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Clinton commits $1.46B to fight cyberterrorism


January 26, 1999
Web posted at: 10:41 a.m. EST (1541 GMT)

by Matt Hamblen

(IDG) -- President Bill Clinton Friday announced a $1.46 billion initiative to improve government computer security that aims to protect against terrorist attacks that might target the nation's infrastructure, such as power plants, telecommunications, banking, transportation and emergency services.

The plan would require congressional approval and establish a network of intrusion detection monitors for certain federal agencies. It also would encourage the private sector to do the same.

The president also called for a Cyber Corps to allow federal agencies to train personnel to handle and prevent computer crises.

He described the $1.46 billion as an increase of 40% over fiscal 1998 spending to improve government computer security.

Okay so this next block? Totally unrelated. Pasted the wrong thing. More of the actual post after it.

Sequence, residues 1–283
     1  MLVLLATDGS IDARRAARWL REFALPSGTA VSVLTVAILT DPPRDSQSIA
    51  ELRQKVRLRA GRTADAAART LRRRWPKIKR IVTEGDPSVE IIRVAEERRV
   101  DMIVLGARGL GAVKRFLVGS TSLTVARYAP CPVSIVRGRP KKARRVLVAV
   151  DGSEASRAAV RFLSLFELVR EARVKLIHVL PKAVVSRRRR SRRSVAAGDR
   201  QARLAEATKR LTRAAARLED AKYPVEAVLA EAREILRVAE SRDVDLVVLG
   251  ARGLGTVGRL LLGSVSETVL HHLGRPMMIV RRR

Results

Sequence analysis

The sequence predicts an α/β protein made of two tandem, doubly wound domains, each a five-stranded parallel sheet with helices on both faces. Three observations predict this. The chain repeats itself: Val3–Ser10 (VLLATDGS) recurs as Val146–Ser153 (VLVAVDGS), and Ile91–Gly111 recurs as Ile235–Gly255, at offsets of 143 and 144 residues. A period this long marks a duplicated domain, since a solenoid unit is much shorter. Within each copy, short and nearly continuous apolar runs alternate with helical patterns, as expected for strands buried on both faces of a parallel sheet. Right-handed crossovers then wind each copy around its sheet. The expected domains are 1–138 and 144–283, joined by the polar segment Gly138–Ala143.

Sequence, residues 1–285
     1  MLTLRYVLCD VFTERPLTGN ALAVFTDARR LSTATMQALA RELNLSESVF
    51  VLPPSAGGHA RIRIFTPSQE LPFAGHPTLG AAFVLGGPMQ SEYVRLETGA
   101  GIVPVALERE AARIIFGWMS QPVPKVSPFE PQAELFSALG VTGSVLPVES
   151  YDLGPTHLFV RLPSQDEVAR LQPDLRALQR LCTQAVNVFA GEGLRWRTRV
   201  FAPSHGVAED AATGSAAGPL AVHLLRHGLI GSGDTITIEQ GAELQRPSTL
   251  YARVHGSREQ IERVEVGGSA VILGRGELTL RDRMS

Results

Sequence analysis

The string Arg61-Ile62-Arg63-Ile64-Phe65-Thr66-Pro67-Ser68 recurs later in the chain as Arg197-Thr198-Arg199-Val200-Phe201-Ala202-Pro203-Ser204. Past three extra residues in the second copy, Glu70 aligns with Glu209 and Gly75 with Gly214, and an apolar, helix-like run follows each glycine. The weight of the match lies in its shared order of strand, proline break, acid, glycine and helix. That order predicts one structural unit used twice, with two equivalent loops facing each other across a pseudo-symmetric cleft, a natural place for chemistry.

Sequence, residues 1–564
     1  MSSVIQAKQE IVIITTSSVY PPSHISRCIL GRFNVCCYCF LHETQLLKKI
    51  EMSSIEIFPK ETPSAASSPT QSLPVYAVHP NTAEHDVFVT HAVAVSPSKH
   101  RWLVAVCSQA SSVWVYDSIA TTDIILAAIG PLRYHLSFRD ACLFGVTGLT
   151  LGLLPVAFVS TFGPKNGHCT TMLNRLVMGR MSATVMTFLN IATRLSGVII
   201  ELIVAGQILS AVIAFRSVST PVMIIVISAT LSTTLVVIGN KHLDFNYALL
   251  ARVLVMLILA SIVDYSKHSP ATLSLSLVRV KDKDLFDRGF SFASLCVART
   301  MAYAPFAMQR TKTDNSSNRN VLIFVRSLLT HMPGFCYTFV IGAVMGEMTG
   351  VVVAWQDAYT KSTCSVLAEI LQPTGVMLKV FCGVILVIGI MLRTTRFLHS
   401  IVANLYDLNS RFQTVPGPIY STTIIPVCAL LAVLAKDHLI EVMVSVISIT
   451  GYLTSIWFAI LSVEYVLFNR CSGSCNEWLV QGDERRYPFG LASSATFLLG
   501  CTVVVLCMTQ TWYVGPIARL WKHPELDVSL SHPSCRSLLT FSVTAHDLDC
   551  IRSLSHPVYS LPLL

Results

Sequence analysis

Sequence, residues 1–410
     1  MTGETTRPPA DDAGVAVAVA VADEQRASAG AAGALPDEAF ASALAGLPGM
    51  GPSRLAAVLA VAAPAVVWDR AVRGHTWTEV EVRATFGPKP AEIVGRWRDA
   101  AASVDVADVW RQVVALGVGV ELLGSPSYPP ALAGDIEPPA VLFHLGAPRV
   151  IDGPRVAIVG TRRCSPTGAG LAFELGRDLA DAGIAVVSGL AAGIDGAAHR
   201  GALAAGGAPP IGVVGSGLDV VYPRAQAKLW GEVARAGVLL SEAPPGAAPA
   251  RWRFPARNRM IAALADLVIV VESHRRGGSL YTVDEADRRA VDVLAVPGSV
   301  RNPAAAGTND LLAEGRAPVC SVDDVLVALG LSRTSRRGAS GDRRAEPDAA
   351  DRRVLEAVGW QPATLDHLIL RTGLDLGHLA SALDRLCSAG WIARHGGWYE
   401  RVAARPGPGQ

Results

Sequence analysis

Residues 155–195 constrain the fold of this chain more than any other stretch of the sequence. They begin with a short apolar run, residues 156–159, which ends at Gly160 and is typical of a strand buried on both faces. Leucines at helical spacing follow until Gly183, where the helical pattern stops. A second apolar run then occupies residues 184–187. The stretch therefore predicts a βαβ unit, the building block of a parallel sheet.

The plan was outlined in a speech before the National Academy of Sciences last week. It details 10 points that aim to thwart threats from cyberterrorists as well as biological and chemical weapons. The total program would cost $10 billion.

One previous online attack occurred in February 1988, when a group of Israeli and U.S. teens broke into Pentagon computers. While officials quickly detected the break-in, it took several days to determine that it was an act of vandalism rather than foreign aggression. Last year, national security experts hacked unclassified Pentagon computers during an online war game that would have allowed them to disrupt troop movements, the Pentagon reported at the time.

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